Ariana Cubillos/AP
Venezuela's President Nicolas Maduro (l.) speaks next to a framed poster featuring the late President Hugo Chávez, during the annual state-of-the-nation address at the National Assembly in Caracas, Venezuela, Wednesday, Jan. 21, 2015. President Maduro acknowledged the economic crisis wracking Venezuela during his annual address Wednesday night, but did not announce the reforms many had expected.

Economy in tatters, Venezuela's Maduro tells citizens 'God will provide'

Venezuelans have been hit hard by plummeting oil prices and high inflation, and Maduro outlined no specific solutions in his highly anticipated address to the nation last night.

At a pharmacy in Caracas Thursday morning, hundreds of people stood in line hoping to get their hands on diapers and other essentials inside. Queuing up has become routine for many here, as Venezuela has struggled to pay for the import of most of its goods.

But the morning after a much-anticipated speech by Venezuela’s President Nicolás Maduro, which had citizens hoping to hear concrete plans for a way out of the nation’s economic tailspin, many fear tougher times are on the horizon.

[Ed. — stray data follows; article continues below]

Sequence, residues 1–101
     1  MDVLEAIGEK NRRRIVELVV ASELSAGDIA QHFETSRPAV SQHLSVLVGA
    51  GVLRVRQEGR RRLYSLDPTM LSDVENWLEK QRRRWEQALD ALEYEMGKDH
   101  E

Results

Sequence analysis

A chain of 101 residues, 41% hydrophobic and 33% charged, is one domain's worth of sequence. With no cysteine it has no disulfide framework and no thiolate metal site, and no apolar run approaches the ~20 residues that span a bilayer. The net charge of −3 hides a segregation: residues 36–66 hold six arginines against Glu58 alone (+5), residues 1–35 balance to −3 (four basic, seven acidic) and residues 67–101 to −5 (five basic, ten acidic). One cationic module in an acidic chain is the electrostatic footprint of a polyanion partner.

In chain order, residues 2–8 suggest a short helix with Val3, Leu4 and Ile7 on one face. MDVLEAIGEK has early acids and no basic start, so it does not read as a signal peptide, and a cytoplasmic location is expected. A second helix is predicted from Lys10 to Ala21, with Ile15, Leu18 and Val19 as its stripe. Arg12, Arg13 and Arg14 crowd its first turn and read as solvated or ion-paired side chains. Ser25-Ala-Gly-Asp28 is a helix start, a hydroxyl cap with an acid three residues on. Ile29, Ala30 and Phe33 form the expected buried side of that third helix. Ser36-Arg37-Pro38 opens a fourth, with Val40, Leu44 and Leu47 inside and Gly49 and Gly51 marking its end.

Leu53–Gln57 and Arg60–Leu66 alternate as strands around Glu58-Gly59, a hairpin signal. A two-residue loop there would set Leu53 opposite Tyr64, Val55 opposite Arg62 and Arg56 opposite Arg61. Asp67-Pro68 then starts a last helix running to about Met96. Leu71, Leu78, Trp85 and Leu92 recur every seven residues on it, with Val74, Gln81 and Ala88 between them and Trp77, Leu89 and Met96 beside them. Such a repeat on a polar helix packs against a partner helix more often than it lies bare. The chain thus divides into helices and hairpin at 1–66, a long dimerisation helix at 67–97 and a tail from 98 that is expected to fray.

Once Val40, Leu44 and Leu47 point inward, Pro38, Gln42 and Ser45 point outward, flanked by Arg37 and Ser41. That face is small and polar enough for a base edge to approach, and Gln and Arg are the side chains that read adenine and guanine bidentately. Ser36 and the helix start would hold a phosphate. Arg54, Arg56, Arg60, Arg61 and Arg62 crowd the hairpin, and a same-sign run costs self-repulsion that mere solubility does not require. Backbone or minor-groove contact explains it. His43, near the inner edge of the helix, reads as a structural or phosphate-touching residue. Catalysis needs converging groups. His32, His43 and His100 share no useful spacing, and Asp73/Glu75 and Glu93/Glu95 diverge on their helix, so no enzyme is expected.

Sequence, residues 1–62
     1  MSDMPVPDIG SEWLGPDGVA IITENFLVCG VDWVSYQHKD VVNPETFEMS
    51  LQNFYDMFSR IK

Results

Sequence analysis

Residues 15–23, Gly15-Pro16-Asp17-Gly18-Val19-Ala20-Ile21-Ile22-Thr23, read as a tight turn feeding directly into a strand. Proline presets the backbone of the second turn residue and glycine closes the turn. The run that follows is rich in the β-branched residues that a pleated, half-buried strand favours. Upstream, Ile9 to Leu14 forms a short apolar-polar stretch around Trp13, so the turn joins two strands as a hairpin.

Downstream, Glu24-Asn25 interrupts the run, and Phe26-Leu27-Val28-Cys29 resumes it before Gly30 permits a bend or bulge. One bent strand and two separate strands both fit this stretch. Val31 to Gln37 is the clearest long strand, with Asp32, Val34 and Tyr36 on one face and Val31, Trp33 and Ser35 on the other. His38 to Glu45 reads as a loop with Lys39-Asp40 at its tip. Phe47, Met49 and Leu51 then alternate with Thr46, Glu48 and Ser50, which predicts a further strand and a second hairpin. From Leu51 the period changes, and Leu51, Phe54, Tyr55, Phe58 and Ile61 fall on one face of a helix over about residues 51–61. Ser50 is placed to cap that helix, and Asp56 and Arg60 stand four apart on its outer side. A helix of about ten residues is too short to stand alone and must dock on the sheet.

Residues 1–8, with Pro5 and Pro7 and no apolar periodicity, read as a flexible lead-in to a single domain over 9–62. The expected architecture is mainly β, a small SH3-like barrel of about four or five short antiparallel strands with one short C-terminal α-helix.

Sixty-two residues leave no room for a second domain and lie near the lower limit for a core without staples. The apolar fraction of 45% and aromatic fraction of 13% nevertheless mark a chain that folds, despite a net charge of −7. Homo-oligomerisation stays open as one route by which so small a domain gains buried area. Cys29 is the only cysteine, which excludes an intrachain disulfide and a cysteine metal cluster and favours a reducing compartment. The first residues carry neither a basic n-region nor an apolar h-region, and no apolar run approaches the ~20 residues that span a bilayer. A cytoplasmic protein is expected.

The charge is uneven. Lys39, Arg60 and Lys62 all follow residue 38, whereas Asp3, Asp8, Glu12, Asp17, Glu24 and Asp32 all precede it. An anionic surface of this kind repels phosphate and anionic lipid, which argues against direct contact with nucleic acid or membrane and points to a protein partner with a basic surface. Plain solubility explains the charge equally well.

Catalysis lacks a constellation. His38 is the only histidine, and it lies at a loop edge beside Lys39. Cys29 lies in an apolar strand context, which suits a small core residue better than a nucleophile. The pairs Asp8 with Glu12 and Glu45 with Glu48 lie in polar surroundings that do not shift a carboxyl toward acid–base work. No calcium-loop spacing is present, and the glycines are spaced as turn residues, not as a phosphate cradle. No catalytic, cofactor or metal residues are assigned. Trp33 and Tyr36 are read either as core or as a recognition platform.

“We have confidence in God but not so much Maduro. He’s to blame for all this,” says Marvelis Bazque, a housewife standing in line. She’s referencing a line from the president’s speech Wednesday night, where he assured Venezuelans that despite a big drop in the price of oil, which the nation greatly relies on, “God will provide.”

The Venezuelan economy is in tatters with higher than 64 percent inflation and dwindling foreign reserves. Protests like those that paralyzed the country last February are beginning to sprout up again. Maduro’s decision to essentially maintain business as usual – in his speech last night he accused opposition politicians of planning a coup and avoided an explicit devaluation of the currency – signaled to Venezuelans and the world that he’s not willing to face the country’s ailing economy head on.

“The scarcity will probably get worse over the next weeks, the people won’t be happy, and we could see some social pressure emerge,” says Henkel Garcia, director of Econométrica, a local economic consultancy.